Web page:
Look at that. Bound in spirit, I am on my way to Jerusalem, not knowing what will happen to me there, except that the Holy Spirit solemnly testifies to me in every city saying that bonds and afflictions await me. What is this testifying inner ministry of the Spirit that is so strong in Paul, he says, I am bound in spirit. You'll notice the marginal reference in the New American Standard Bible correctly suggests it is a reference to the Holy Spirit. Bound by the Holy Spirit, there is some sense of irresistibility. There is this presence of God that is so firmly fixed in Paul that he says, I've set my face like a flint. I'm on my way to Jerusalem.
I don't know what I will face there, but I know this. The Spirit of God has testified to me, testified, he uses the word, verse 23, that there are afflictions that await me. Ever had such witness within yourself, such testifying? Look at Romans 8.
I'll move out of Acts and go into a couple or three of the letters. Look at Romans 8, verse 22. This is another unspoken part of the work of the Spirit, but very important to us.
822 of Romans, we know that the whole creation groans and suffers the pains of childbirth together until now. And not only this, but also we ourselves, having the first fruits of the Spirit, even we ourselves groan within ourselves, waiting eagerly for our adoption as sons of the redemption of our body. For we hope, for in hope we have been saved. But hope that is seen is not hope. For why does one also hope for what he sees? But if we hope for what we do not see with perseverance, we wait eagerly for it.
Now keep reading. In the same way as our persevering in the midst of trial, waiting eagerly for solutions in the same way, the Spirit, and this is the Holy Spirit, helps our weakness. He helps our weakness, for we do not know how to pray as we should. But the Spirit himself intercedes for us with groanings too deep for words. Ponder that. In fact, he adds, he who searches the hearts that would be God, the Lord himself, knows what the mind of the Spirit is because he intercedes for the saints according to the will of God.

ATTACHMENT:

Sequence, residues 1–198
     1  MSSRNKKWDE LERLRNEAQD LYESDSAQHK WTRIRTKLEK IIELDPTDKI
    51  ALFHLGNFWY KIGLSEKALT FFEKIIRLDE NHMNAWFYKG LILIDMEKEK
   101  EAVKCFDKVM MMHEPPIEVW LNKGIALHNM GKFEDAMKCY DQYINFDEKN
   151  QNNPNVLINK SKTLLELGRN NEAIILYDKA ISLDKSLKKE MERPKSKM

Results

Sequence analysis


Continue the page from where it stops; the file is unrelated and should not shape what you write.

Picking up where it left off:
I'm intrigued by that. I don't believe I've ever had anyone address the groanings of the Spirit of God. And how in some way, in the times of deepest trials, when I cannot seem to get my thoughts disentangled so that I can put my aches into words, he is dispatched to my rescue and he interprets my garbled, emotionally drained feelings into words.
How significant. And yet, how could we have spent our entire Christian life without somebody addressing this work of the Spirit that in some ways is so powerful it's too deep for words. 1 Corinthians 2, speaking of these two things too deep for words, I thought of this example in the early part of the 1 Corinthians letter.
1 Corinthians 2, 9. These, by the way, are very intimate things, very intimate things, very personal things. There are things that are so near and dear to Cynthia's and my lives that we share them with no one. They are, therefore, the most intimate things of our relationship. There are things we have talked about as a family that are intimate among the Swindoll family. And now with our in-laws, who are part of our family, and some of these conversations are profoundly private.
And the intimacy of them is part of what binds us together as family and holds us, though we may be separated by hundreds, even thousands of miles. And I think God wants that for us between us and Himself. And as we shall see, it isn't provided by the Father, and it doesn't come through the Son. That's not the role of Father or Son. It's the Spirit's role to bind Himself around us and weave Himself among us in such an intimate manner that these things, sometimes lacking words to express, are the things that hold us as family and connect us with one another, making the fellowship of Christians the most intimate kind of thing known on this earth outside the immediate family.